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Martingales

Here, I give a quick review of the concept of a Martingale. A Martingale is a sequence of random variables satisfying a specific expectation conservation law. If one can identify a Martingale relating to some other sequence of random variables, its use can sometimes make quick work of certain expectation value evaluations.

This note is adapted from Chapter 2 of Stochastic Calculus and Financial Applications, by Steele.

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Logistic Regression

We review binary logistic regression. In particular, we derive a) the equations needed to fit the algorithm via gradient descent, b) the maximum likelihood fit’s asymptotic coefficient covariance matrix, and c) expressions for model test point class membership probability confidence intervals. We also provide python code implementing a minimal “LogisticRegressionWithError” class whose “predict_proba” method returns prediction confidence intervals alongside its point estimates.

Our python code can be downloaded from our github page, here. Its use requires the jupyter, numpy, sklearn, and matplotlib packages.

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Model AUC depends on test set difficulty

The AUC score is a popular summary statistic that is often used to communicate the performance of a classifier. However, we illustrate here that this score depends not only on the quality of the model in question, but also on the difficulty of the test set considered: If samples are added to a test set that are easily classified, the AUC will go up — even if the model studied has not improved. In general, this behavior implies that isolated, single AUC scores cannot be used to meaningfully qualify a model’s performance. Instead, the AUC should be considered a score that is primarily useful for comparing and ranking multiple models — each at a common test set difficulty.

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A photo by Patryk Grądys. unsplash.com/photos/4pPzKfd6BEg

GPU-accelerated Theano & Keras with Windows 10

There are many tutorials with directions for how to use your Nvidia graphics card for GPU-accelerated Theano and Keras for Linux, but there is only limited information out there for you if you want to set everything up with Windows and the current CUDA toolkit. This is a shame however because there are a large number of computers out there with very nice video cards that are only running windows, and it is not always practical to use a Virtual Machine, or Dual-Boot.  So for today’s post we will go over how to get everything running in Windows 10 by saving you all the trial and error I went through. (All of these steps should also work in earlier versions of Windows).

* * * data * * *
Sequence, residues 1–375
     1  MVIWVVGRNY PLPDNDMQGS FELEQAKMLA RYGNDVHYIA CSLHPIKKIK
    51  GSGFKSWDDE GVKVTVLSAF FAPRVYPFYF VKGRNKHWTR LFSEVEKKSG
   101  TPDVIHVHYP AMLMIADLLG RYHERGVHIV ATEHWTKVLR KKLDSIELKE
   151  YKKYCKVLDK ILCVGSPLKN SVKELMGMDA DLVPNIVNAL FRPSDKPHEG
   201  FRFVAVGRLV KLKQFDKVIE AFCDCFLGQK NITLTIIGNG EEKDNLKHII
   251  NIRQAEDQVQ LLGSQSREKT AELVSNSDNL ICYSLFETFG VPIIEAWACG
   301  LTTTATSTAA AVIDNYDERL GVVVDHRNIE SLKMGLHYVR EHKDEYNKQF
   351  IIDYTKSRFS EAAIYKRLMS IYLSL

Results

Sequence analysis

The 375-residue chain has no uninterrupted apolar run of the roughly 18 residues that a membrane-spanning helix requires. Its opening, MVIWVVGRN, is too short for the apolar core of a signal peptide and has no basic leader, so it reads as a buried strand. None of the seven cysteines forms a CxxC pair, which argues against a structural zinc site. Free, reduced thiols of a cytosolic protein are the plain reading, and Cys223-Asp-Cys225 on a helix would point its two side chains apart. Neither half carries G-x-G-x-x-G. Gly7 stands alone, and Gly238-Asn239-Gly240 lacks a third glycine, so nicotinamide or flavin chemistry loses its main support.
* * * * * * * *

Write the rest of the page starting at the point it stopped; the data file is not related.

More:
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Hyperparameter sample-size dependence

Here, we briefly review a subtlety associated with machine-learning model selection: the fact that the optimal hyperparameters for a model can vary with training set size, $N.$ To illustrate this point, we derive expressions for the optimal strength for both $L_1$ and $L_2$ regularization in single-variable models. We find that the optimal $L_2$ approaches a finite constant as $N$ increases, but that the optimal $L_1$ decays exponentially fast with $N.$ Sensitive dependence on $N$ such as this should be carefully extrapolated out when optimizing mission-critical models.

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Interpreting the results of linear regression

Our last post showed how to obtain the least-squares solution for linear regression and discussed the idea of sampling variability in the best estimates for the coefficients. In this post, we continue the discussion about uncertainty in linear regression — both in the estimates of individual linear regression coefficients and the quality of the overall fit.

Specifically, we’ll discuss how to calculate the 95% confidence intervals and p-values from hypothesis tests that are output by many statistical packages like python’s statsmodels or R. An example with code is provided at the end.

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